The Ellis Act essentially undermines rent control and condominium laws in California by allowing property owners a loophole in evicting renters. The state act was created to supersede a 1984 California Supreme Court decision called Nash v. City of Santa Monica. The decision made it illegal for property owners to evict tenants on the basis of retirement without a permit by the city. The decision stated that permits would only be given if the property owner could not, “make a reasonable return on his or her investment.” The Ellis Act grants landlords the unconditional right to “go out of business” with only minor provisions. In San Francisco, the property owner is required to give an average renter a minimum of $5,105 dollars in relocation benefits and a maximum of $15,315 (this is the highest relocation fee in the state). In addition, the property owner must provide all renters proper notice and cannot lease out the property again for an extended amount of time. However, in a city where the median rent for a two-bedroom apartment is $3,800 a month and renters are expected to pay first and last month rent along with a deposit, $5,000 is not a fair trade-off for most low-income residents.
Instead of retiring altogether, some landlords are simply enacting the Ellis Act to kick out their current tenants and rent to individuals willing to pay a higher rate, or turn their buildings into tenancies-in-common (TIC) to make a quick profit. The San Francisco Tenants Right Union, even warns of some property owners sending “advisories” notices to tenants of a possible Ellis Eviction to bluff tenants into moving out– or simply buying them out. Such abuses of the Ellis Act have occurred, resulting in less affordable housing and the exodus of low-income residents in favor of wealthier ones. The two areas that have been affected the most by Ellis Acts evictions are the Mission and Castro district, where many are long-term elderly residents. During the November City Hall meeting, budget and legislative analyst Fred Brousseau presented a study that showed a nearly 145% increase in Ellis Act evictions in the last twelve months alone.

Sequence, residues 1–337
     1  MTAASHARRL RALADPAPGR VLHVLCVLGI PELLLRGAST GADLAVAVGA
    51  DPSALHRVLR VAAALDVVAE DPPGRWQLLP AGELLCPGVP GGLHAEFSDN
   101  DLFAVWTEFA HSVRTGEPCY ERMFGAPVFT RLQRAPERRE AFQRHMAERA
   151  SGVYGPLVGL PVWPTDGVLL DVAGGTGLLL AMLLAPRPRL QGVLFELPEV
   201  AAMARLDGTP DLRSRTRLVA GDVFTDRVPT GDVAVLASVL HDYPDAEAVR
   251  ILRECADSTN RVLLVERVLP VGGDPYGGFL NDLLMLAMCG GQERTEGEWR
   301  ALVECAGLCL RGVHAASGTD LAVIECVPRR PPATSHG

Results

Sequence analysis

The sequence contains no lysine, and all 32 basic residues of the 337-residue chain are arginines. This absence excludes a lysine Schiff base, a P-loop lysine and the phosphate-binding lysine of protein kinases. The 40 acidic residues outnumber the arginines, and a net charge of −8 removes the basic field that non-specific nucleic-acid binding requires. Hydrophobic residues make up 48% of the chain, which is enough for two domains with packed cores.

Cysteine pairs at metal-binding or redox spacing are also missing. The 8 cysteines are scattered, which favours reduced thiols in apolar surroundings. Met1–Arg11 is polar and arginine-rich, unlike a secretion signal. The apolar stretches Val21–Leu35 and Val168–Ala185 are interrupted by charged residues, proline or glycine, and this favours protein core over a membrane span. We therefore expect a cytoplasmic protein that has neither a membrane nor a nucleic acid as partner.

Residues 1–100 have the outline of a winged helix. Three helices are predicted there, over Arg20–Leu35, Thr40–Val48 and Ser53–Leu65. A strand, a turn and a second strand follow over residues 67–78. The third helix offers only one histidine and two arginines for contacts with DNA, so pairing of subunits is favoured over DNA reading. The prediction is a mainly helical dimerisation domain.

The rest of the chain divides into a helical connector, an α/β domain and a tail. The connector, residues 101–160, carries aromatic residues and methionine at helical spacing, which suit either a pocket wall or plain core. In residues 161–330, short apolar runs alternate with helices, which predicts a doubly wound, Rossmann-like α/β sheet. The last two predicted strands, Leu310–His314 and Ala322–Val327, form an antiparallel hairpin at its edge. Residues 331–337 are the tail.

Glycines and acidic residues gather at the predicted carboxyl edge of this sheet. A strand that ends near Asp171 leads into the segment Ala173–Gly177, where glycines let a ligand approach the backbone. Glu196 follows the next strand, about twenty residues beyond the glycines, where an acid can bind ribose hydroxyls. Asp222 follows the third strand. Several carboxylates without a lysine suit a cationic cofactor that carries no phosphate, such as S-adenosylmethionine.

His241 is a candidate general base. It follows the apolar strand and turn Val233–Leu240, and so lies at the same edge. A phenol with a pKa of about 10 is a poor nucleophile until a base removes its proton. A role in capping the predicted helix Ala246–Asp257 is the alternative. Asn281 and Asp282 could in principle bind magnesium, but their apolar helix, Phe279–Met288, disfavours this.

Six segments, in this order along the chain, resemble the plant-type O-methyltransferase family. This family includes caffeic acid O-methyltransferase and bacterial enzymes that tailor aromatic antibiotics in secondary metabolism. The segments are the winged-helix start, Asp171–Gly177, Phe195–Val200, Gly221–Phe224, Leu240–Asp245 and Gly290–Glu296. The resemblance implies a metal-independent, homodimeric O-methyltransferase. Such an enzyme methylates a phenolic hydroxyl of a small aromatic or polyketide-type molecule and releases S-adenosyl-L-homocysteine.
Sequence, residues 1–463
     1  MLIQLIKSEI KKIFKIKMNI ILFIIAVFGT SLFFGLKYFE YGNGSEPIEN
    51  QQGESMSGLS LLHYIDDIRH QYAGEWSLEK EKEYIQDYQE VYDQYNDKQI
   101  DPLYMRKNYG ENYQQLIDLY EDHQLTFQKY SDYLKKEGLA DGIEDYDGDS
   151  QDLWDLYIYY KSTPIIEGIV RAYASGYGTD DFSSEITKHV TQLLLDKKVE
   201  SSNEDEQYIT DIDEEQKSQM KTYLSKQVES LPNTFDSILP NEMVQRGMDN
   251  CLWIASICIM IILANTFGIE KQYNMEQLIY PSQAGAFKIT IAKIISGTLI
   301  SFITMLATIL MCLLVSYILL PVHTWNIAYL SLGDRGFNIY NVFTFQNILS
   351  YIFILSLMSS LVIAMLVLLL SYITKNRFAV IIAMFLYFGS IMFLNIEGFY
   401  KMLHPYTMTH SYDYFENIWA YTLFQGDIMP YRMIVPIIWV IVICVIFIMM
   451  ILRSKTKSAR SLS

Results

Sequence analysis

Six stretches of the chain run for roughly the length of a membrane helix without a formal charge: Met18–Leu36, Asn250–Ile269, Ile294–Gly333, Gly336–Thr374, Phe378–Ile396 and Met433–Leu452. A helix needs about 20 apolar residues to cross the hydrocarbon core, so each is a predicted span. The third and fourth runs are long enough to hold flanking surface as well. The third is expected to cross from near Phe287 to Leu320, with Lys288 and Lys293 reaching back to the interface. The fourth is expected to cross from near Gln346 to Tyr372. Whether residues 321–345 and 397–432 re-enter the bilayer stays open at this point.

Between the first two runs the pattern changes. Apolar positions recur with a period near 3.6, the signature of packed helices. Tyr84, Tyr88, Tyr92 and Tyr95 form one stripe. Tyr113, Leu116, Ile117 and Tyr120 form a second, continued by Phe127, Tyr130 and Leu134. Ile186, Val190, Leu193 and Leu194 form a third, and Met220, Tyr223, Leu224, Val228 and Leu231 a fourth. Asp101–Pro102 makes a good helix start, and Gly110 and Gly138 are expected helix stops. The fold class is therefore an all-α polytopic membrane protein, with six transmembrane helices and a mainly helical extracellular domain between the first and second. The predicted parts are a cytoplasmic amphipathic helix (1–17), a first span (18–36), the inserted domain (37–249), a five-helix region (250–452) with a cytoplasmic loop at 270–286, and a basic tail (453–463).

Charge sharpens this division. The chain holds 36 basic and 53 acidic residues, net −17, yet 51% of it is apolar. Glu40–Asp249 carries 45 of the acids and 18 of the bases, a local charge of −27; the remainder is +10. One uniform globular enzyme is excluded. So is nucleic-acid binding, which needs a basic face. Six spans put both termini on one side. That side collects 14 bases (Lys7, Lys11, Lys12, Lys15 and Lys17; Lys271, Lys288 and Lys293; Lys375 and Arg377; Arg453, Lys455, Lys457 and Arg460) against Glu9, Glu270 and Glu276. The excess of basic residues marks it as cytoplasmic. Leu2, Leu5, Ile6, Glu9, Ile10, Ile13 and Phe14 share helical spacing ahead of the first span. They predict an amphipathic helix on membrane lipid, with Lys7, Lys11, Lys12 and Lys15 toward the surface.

Currently, two policies in the works aim to restrict the surge in Ellis Act evictions. One, set forth by Ed Lee’s office, makes evictions more expensive in order to encourage landlords from pursuing them. Lee plans to raise the costs of permits and limit the sale and resale of buildings after an Ellis Act eviction. The second proposal by Supervisor David Campos would bar property owners from raising rent post-eviction and a moratorium on evictions. Campos also suggested an increase in the relocation fees for current tenants and tracking buyouts along with formal Ellis evictions. Campos’ idea is particularly compelling as it addresses the rising costs for renters in San Francisco.
While both city proposals have the potential for change, all past modifications to the enactment have failed. Proponents of the Ellis Act say it allows property owners an option to remove tenants who have lived in the same unit long-term and have now become an economic burden. However, the Nash v. City of Santa Monica decision already protected property owners’ investments. The idea that property owners can evict long-term renters to make a greater profit is problematic, and a renter should not be at fault for remaining in a unit. Property owners enter into a contract willingly with the renter when they move in, and new owners know they are legally responsible for renters upon sale. It is important for us to not only know our rights as renters but also protect long-term residents of the city, by supporting legislation that will create more inclusive housing for San Francisco citizens.
Bryce Chiodo is a senior international studies major.